The OPTIC Strategy for Visual Analysis is a simple method of rhetorical criticism designed to help with the process of analyzing visuals. OPTIC is an acronym, standing for Overview, Parts, Title, Interrelationship, and Conclusion. By following the five steps of the OPTIC strategy, you can take nearly any visual artifact (like a poster, painting, advertisement, video clip, cartoon, and so forth) and develop a good sense for what the visual was intending to portray and how effective it may be in portraying it. See the graphic here, or read the description in larger text below.

RELATED: See the SOAPSTone Strategy for Written Analysis


STEP 1: SUMMARIZE THE OVERALL CONCEPT Explain the visual in just enough detail to provide the overall gist of the image; imagine describing the image to someone who cannot see it . Example: Van Gogh’s The Starry Night depicts a town at night, with what appears to be a church as the central building, with a starry sky and rolling hills in the background.


STEP 2: DESCRIBE THE PARTS. Identify the visual elements that make up the entire composition. Consider the identifiable objects in the piece (such as buildings, shapes, icons, people, and so forth) as well as more abstract visual elements, like colors, textures, typefaces, organizational layout, groupings, patterns, and so forth. Example: A Dark, curving tree near the front of the image. Rolling blue hills in the distance. A grouping of buildings at the lower region of the image, depicting a village surrounding a large church with steeple. Yellow, circular and abstract stars in the sky. The dark and blue colors are prominent with accents in yellow to highlight light. Eerie, abstract swirl design and texture throughout.


STEP 3: EXPLAIN THE TITLE & CREATOR. Use the name of the piece and describe the creator/artist to analyze the message the artist may have been trying to convey. Understanding the title and author can provide clarity, historical context, and meaning to a piece. Example: Vincent van Gogh, who painted The Starry Night in 1889, painted this image from a lunatic asylum where he was self-admitted. The Starry Night is one of 21 paintings van Gogh painted while looking out his barred windows; the image depicts one of many different ways in which van Gogh may have perceived the world.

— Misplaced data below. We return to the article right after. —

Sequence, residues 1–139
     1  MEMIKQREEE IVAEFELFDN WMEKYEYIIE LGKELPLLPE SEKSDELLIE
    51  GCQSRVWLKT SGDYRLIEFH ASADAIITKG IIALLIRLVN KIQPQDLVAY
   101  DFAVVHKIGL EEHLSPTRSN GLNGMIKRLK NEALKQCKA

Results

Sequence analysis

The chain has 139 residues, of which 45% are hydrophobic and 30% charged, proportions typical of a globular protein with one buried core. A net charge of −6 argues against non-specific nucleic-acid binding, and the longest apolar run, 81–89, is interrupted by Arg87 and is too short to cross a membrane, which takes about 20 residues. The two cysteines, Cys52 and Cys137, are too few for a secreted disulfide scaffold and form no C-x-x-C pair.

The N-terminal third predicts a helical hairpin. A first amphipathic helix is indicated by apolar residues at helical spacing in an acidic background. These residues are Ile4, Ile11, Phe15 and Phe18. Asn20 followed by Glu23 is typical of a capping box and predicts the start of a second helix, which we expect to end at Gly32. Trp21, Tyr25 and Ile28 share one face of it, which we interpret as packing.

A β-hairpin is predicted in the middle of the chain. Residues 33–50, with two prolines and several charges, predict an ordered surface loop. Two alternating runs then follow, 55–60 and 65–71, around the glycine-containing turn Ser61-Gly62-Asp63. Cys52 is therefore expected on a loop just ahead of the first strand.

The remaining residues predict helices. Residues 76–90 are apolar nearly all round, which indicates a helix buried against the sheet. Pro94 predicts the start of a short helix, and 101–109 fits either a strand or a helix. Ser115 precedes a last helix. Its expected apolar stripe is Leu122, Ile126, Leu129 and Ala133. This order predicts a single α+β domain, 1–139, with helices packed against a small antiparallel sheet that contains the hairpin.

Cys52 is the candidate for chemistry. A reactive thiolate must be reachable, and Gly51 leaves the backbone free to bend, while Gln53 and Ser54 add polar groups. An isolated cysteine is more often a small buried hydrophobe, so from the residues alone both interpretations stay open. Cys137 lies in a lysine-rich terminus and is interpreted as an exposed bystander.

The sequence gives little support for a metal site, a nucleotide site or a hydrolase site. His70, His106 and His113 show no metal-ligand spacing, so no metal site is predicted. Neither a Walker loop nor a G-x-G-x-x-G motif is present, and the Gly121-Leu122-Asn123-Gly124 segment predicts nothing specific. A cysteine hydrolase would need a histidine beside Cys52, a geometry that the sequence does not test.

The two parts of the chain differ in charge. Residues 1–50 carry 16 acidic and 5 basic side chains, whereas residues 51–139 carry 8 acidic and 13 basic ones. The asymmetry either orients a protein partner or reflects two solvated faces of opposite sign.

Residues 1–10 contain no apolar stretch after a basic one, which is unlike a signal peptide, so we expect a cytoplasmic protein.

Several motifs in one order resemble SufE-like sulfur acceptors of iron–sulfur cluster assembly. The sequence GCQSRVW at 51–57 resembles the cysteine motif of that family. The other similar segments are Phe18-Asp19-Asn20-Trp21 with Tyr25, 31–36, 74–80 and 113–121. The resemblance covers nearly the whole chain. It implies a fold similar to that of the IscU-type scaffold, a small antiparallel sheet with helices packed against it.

STEP 4: EXPLAIN HOW THE PARTS RELATE TO THE WHOLE. Look at the items in the visual holistically; that is to say, see how all of the combined elements together make for interesting meanings. How do the colors, buildings, shapes, locations, and so forth combine to make for an interesting communication and reading? Example: The abstract composition with the uneven and swirling lines amidst a dark scene interestingly contrast against the brightness of the yellow stars and shining lights below.


STEP 5: CONCLUDE WITH A STRONG ANALYSIS. Now that you’ve described the many pieces of the visual, you’re in position to make interesting claims about the visual as an entire composition. Provide an analysis that gives insight into what the painting may be trying to portray. Example: Vincent van Gogh’s The Starry Night positions us, the viewer, inside his confined world within an asylum. We see his perspective of a world where he once lived, through a lens void of the bars in the windows through which he saw. The Starry Night provides glimpses of hope amongst an otherwise dreary and somewhat ominous world, a world that is constantly seeking peace amidst uncertainty and despair.